The British public is no stranger to fundraising appeals linked to natural disasters. From earthquakes to famine and drought, the past century has seen hundreds of charities reaching out with a rallying cry, asking us to dig deep and show our support for communities whose homes and lives have been destroyed.
And we have, rightly. But in more recent years, the narrative behind these emergencies has started to address the root cause – climate change.
An increase in natural disasters is being driven by the world’s richest and highest-polluting countries, including the UK. Developed countries are thought to be responsible for over 70% of historical carbon emissions, and yet it is the worlds’ poorest communities who are paying the highest price. According to the World Bank, climate change has the potential to push an additional 132 million people into extreme poverty by 2030.
In fact, some scientists think that we may have entered a completely new geological era: the Anthropocene, or the age of humans, which means that we are the first people to live in an age defined by human choice, in which the dominant risk to our survival is ourselves.
Climate poverty isn’t a new thing, but where fundraising appeals once focused on those affected as victims of nature, the narrative has begun to shift. More and more organisations are recognising that raising money from individuals is only part of the solution, and that responding to one disaster at a time will not create the change that is needed for a sustainable and safe future. Now, more than ever, organisations are asking their supporters to join them and fight for climate justice, for the long term.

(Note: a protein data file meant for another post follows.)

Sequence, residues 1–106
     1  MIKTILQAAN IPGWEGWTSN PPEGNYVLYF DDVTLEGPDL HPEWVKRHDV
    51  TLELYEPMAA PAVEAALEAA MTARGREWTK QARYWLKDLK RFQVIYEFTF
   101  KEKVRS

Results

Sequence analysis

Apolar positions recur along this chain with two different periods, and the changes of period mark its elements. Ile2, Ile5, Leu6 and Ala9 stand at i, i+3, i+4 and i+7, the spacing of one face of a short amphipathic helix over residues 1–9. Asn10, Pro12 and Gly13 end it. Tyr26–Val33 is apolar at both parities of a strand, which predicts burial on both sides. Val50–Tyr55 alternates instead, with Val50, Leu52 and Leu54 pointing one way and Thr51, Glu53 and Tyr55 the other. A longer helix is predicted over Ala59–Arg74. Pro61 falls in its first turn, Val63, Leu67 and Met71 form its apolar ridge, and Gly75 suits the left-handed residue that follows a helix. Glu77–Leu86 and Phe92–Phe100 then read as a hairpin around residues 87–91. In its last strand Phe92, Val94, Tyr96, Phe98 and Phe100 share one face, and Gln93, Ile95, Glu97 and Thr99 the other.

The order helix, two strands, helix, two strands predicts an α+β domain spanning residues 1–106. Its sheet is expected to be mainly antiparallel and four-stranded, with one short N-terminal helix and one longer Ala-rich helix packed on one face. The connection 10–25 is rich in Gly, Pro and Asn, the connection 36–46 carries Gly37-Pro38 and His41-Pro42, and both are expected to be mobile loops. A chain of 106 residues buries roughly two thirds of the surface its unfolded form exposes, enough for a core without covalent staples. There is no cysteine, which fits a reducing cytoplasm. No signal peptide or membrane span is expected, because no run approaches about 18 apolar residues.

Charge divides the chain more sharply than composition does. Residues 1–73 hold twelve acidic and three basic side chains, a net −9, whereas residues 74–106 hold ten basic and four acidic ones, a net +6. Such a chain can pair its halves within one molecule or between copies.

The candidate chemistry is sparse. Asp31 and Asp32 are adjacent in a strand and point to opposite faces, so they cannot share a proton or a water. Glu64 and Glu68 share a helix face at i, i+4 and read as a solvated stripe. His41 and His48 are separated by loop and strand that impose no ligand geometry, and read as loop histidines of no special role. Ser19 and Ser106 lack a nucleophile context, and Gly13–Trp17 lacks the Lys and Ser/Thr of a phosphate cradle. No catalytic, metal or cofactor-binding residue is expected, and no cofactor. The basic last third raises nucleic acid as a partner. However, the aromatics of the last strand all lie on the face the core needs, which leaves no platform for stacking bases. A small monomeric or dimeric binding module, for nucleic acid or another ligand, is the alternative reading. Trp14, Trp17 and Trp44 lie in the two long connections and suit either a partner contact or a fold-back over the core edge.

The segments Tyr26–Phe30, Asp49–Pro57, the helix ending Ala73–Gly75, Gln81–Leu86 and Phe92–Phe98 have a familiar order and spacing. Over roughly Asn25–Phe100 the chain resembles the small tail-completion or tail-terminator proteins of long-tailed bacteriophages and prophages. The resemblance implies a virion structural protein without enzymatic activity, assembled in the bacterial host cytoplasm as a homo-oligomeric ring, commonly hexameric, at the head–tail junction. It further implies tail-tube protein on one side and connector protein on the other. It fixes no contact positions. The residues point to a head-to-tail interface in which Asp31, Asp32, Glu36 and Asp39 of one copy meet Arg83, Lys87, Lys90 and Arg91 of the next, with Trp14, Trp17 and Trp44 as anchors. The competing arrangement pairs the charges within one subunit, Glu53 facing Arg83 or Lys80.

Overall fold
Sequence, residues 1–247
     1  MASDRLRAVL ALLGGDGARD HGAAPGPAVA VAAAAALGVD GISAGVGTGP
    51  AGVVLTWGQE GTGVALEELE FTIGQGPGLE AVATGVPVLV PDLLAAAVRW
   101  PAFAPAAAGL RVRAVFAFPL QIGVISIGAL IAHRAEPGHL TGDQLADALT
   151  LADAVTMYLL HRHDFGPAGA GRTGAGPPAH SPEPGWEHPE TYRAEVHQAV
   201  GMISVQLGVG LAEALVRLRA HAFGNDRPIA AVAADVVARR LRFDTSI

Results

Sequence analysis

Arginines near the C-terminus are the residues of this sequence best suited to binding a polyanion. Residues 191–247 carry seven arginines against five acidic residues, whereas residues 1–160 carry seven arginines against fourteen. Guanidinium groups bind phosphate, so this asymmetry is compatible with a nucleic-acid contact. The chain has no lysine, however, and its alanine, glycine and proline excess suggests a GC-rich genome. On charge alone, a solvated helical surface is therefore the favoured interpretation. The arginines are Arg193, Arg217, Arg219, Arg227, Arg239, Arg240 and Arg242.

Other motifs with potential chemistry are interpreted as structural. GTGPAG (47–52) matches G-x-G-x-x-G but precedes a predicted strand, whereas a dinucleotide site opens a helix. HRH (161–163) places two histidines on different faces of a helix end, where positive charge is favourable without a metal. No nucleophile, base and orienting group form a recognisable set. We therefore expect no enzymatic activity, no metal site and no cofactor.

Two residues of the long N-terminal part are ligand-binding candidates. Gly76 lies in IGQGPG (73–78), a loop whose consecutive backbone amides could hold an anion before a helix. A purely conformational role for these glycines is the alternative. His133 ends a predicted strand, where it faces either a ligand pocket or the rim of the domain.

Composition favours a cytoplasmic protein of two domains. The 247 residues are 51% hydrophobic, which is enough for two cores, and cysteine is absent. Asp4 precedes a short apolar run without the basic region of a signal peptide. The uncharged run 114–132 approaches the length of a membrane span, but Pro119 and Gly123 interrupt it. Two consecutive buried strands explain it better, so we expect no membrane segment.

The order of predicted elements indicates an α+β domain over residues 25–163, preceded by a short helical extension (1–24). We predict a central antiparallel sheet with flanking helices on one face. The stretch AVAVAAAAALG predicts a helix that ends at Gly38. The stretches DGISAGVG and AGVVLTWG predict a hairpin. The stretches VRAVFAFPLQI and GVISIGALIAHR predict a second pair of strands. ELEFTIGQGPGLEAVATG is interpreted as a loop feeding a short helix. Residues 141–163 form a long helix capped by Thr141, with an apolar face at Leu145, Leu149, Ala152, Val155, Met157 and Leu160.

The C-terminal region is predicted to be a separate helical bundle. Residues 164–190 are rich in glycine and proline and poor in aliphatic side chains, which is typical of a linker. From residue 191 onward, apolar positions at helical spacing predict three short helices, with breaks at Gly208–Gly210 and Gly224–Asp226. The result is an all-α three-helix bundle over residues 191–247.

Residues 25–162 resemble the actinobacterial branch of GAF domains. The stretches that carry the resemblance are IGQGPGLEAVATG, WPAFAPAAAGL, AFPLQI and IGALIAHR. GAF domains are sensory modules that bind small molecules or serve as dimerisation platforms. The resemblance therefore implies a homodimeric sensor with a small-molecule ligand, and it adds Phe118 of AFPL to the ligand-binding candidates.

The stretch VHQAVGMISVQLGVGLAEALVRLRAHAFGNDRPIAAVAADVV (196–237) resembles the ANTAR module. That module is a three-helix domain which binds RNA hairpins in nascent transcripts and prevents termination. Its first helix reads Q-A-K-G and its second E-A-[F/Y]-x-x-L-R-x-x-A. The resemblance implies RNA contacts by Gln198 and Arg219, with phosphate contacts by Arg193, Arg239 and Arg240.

In the lead up to Climate Week and COP26 this autumn, charities and campaigning organisations are calling on governments and businesses to do better and take responsibility for the suffering that climate change is causing. And, even better, they’re joining forces.
The Crack the Crises coalition has seen over 70 organisations come together to tackle the biggest issues our world is currently facing, including climate change. Their policy recognises that “all of us have a role to play through the choices we make […] but individual action is not enough. We, as citizens, need to push our leaders to act now.”
The onus is shifting from the individual giver as individual saviour of the problem to individual playing an integral part in the fight against it. There is hope, in the solution of joint action in a world where none of us are safe until we’re all safe.
Whilst our donations are still urgently needed, it’s empowering to see charities rallying their supporters to do more than give, to harness the power of their voices and actions as well as their generosity.
So get involved, share, march, sign, donate and volunteer. Your power is bigger than your purse strings.